Born in 1991 makes me a resident of the digital era. As a digital resident my childhood involvement with the digital world was not encouraged as it is today. No one ever informed my peers and I of what is now common knowledge in the digital world, especially when it comes to internet privacy. Until reading this book I had honestly not put much thought into internet privacy, now I realize that internet privacy is major issue in our society today. There are many factors and concerns that arise with internet privacy that will greatly influence my future such as the growth of the “deep web,” the immergence of radio frequency identifier tags, and who is responsible for this privacy.
Before I began this book I had no idea that the “deep web” or deep internet existed and I am blown away to discover that there is a deep internet that contains extensive personal information about everyone. Experts claim it contains 100 times more data than the ordinary internet and anyone can access it anonymously with the appropriate software (Palmer, 2012).
The fact that anyone can find out anything about anyone is truly astonishing and is obviously a major invasion of privacy. The author mention a company called ChoicePoint which utilizes the deep internet to gather information about people and sells it to various buyers. In 2005, ChoicePoint was breached witch lead to over 800 identity thefts; the worst part is that most people didn’t even know what ChoicePoint was (Palfrey and Gasser, 2008, pg, 59). This was a real “eye-opener” for me in that it made me realize that anyone can become a victim of such privacy invasion without even knowing about it.
Acquiring this knowledge of the “deep web” will change my future digital behavior greatly because now I will be aware that any information that I give electronically will be stored in a place for anyone to access I understand that providing personal information online is unavoidable but I will certainly be more cautious than ever before, when I would not think twice before giving any of my information away.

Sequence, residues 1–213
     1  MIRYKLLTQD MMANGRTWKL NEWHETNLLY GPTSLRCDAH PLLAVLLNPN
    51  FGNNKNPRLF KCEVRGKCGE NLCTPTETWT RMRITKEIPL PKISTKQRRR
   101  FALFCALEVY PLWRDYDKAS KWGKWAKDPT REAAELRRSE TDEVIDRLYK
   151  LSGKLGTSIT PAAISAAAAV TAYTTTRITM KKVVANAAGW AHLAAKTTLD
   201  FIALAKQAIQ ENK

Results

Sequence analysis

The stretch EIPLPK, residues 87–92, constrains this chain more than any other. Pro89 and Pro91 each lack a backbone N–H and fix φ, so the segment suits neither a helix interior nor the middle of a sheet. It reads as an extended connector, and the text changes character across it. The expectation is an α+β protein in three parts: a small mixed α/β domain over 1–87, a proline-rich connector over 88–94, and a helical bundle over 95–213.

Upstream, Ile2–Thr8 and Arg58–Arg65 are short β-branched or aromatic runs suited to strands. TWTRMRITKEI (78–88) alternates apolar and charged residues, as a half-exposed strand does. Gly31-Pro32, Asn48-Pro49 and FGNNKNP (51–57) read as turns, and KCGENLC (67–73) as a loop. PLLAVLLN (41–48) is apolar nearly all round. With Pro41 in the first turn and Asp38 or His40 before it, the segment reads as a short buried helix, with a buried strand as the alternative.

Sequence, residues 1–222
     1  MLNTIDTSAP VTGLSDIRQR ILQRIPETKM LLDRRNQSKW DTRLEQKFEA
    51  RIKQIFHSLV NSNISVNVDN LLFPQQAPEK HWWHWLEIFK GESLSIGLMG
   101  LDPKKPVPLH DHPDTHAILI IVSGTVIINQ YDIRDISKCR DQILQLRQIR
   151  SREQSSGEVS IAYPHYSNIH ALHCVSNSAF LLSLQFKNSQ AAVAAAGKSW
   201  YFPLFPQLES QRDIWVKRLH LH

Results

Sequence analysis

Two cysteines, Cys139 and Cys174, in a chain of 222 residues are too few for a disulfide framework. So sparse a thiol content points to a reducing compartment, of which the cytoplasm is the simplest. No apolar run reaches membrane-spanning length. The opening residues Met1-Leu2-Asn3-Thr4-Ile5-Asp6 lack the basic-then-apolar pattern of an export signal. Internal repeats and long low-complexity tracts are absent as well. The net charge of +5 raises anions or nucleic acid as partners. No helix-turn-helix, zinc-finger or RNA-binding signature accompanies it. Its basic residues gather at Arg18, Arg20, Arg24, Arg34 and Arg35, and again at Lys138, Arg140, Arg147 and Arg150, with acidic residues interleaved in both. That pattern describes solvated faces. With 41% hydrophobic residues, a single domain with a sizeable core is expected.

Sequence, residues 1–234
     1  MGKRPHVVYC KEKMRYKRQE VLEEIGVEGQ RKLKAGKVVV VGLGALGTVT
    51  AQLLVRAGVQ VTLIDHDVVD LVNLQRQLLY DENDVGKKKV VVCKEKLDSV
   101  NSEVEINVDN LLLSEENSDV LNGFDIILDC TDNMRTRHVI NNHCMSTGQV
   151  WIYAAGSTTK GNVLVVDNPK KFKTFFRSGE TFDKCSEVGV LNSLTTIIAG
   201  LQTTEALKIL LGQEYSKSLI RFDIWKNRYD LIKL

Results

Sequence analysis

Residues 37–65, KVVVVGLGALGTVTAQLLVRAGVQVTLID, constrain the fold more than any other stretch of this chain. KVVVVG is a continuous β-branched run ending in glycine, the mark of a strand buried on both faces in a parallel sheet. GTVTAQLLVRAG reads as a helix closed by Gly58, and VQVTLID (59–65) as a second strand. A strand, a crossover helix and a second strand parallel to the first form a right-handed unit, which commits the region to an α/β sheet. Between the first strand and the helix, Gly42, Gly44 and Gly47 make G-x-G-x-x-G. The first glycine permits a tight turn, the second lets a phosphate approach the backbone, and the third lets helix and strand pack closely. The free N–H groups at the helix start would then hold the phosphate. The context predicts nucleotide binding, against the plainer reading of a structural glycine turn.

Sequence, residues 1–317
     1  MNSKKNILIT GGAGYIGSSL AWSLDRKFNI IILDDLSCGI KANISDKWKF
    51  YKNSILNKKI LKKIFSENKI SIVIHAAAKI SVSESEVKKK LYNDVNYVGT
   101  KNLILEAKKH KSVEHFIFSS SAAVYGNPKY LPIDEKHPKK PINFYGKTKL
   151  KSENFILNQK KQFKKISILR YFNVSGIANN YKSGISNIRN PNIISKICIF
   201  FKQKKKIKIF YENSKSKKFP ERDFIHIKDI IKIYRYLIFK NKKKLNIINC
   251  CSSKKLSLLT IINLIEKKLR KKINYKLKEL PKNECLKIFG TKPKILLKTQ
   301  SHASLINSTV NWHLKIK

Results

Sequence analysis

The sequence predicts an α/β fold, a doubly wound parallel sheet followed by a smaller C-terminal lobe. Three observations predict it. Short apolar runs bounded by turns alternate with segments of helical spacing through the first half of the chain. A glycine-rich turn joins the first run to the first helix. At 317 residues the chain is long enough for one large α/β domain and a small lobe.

My digital mindset has changed from thinking what I do on my personal computer is my business to what I do on my computer I everyone’s business, which will lead to more responsible decisions while immersed in the digital world. Along with the “deep web” that contains personal information there are radio frequency identifier tags that are becoming another way to invade ones personal privacy. The immergence of radio frequency identifier tags (RFID tags) is becoming more prominent in daily life. The initial applications of this technology were to track animals, luggage, and consumer products, but now they are being placed in humans with intentions of making life safer and more convenient. The tags have the ability keep track of ones medical records, banking history, insurance, preferences, location, and any other private information available. According to Bonsor and Fenlon (2007), “Some critics say RFID technology is becoming too much a part of our lives — that is, if we’re even aware of all the parts of our lives that it affects”.
One major convenience application of these tags is that they can work as an intelligent bar code that can track every purchase you make and communicate with ones bank to deduct the money for payment, which would make going to the grocery store hassle free. These types of application will not only change my future behavior but everyone else’s as well, as it is inevitable that our society is becoming more and more dependent on RFID tags. The privacy issue with the tags is that anything or anyone with a tag reader is able to access the information on the tag (Bonsor and Fenlon, 2007, pgi3). When I have children I will be forced to make the decision on whether or not my child should have an RFID tag. The decision will simply come down to is sacrificing privacy of my children worth the possible benefits that it might have, it may seem unfair but this is the reality that most of us will be dealing with in the future The benefits of this technology have the possibility of trumping the cons but in order for that to happen, laws and regulations must be implemented to protect the Vulnerable information contained within.